Is the Market for Real Estate Investment Drying Up?
The last few years have been a buyers’ market for real estate investors. Real estate prices fell to bargain levels after the housing bubble burst, while interest rates stayed at record lows. For years, institutional investors and cash buyers were able to find good deals as most other buyers stayed on the sidelines. This was helpful for lenders who were able to replace some of their lost business by working with investors. However, this wave could be over. Over the past year, real estate investment has slowed down, and there’s a good chance this market is drying up completely.
Real estate investment is falling
Over the course of 2014, there has been a sizable decrease in real estate investment, according to Housingwire. Institutional investors — investors who buy at least 10 properties in a year — only purchased 4.3 percent of single-family homes and condos in the second quarter of 2014, down from 5.3 percent a year ago. It also represents the lowest percentage of sales to institutional investors since the end of 2010.
Smaller investors are also less active. All-cash purchases, which are typically made by investors, fell to 33.9 percent of all sales in the third quarter compared to 36.9 percent in the second quarter.
Why real estate investment is drying up
The decrease in investment real estate is mainly a product of a recovering housing market. While the housing market is still nowhere near its peak, things have improved significantly and prices are starting to go back up. There are also fewer distressed sales and foreclosures which were ways for investors to find deals.
At the same time, interest rates have started to go back up, especially now that the Federal Reserve is winding down its QE program. This makes it more expensive for institutional investors to borrow money to buy homes. Finally, a stronger stock market and economy mean investors have more options for their money. Some are even branching out of real estate into other markets.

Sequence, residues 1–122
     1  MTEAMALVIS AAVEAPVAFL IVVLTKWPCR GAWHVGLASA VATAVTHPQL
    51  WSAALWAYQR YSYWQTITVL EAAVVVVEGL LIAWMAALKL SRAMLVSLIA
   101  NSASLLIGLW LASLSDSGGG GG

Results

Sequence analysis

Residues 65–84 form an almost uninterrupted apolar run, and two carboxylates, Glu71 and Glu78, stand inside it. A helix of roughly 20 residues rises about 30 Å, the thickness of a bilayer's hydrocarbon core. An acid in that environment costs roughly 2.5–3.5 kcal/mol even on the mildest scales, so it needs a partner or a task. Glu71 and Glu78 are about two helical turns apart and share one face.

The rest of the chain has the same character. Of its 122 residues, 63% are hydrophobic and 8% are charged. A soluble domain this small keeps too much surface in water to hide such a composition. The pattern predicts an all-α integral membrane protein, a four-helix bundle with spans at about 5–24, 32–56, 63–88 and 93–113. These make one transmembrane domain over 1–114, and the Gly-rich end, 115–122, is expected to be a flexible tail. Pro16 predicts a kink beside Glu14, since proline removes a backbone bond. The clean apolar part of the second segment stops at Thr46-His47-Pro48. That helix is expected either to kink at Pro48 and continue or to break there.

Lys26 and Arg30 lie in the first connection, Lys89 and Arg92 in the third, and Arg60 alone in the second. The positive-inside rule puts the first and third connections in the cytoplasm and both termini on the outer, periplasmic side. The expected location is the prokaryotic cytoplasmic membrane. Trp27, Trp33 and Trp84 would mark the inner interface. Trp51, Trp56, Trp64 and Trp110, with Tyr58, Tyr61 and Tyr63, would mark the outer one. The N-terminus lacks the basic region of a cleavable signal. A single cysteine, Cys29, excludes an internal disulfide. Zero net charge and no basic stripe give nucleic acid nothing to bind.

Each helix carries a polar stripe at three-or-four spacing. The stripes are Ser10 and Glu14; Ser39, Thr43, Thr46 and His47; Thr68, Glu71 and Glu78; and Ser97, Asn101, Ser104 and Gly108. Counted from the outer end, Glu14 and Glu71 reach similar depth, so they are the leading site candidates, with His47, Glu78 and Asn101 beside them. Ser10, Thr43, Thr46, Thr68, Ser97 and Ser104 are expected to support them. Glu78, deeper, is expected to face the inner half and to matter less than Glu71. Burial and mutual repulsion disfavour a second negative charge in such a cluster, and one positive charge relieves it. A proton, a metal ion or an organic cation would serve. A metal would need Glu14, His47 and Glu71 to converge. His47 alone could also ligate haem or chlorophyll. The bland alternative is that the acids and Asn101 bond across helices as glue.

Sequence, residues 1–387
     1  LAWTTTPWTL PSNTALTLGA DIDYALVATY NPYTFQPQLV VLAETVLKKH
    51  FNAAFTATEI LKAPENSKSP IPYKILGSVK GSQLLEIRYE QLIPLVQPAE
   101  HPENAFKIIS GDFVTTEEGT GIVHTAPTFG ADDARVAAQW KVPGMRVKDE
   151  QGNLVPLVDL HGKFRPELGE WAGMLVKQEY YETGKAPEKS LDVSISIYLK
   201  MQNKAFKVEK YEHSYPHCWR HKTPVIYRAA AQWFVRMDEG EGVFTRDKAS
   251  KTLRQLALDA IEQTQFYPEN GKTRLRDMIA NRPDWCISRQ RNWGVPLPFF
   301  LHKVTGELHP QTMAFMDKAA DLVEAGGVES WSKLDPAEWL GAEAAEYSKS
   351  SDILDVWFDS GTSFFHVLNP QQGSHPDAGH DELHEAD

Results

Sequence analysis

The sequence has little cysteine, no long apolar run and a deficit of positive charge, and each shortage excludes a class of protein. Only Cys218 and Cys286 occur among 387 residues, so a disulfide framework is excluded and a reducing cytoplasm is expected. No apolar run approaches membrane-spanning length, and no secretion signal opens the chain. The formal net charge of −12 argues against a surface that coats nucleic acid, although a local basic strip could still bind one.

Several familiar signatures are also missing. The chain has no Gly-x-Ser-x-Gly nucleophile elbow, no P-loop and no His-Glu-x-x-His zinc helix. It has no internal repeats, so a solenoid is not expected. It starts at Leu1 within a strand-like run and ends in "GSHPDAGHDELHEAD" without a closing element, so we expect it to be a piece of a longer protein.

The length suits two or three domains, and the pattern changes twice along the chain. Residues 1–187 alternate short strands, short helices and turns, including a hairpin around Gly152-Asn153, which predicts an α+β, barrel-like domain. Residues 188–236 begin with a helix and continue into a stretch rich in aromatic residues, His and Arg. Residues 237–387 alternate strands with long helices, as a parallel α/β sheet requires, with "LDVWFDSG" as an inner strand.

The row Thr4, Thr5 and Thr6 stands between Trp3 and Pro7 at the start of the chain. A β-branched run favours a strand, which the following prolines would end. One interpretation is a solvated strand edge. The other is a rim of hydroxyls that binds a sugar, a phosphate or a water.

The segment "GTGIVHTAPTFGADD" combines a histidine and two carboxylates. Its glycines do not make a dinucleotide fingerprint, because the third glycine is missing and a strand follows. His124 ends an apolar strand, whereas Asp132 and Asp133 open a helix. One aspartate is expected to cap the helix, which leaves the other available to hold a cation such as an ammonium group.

Replacing lost investment real estate business
As long as these trends continue, lenders should anticipate that the market for investment real estate will continue to slow down. The good news is that activity from traditional buyers is up, which could give lenders the opportunity to replace this lost business. In areas where lenders are seeing fewer purchases from investors, they should start marketing to more traditional buyers who are now more likely to buy a home. A research firm like Equifax can help lenders find these new prospects with specialized marketing and acquisition research tools. These tools can help find traditional buyers who are in the financial position to buy a home now that the economy has recovered.
Investors haven’t disappeared from real estate; instead, they’re focusing on markets that are still struggling where deals are still available. Lenders should focus their marketing for investment real estate in these locations rather than stronger housing markets. The states that are currently seeing the most activity from real estate investors are Florida, Texas, Ohio and Tennessee. These are the best areas to look for institutional investors and for buyers making cash purchases.
Investment real estate has been on a strong surge for the past few years but that run seems to be coming to an end. Lenders should prepare for this shift and start looking for other sources of business, such as traditional homeowners.
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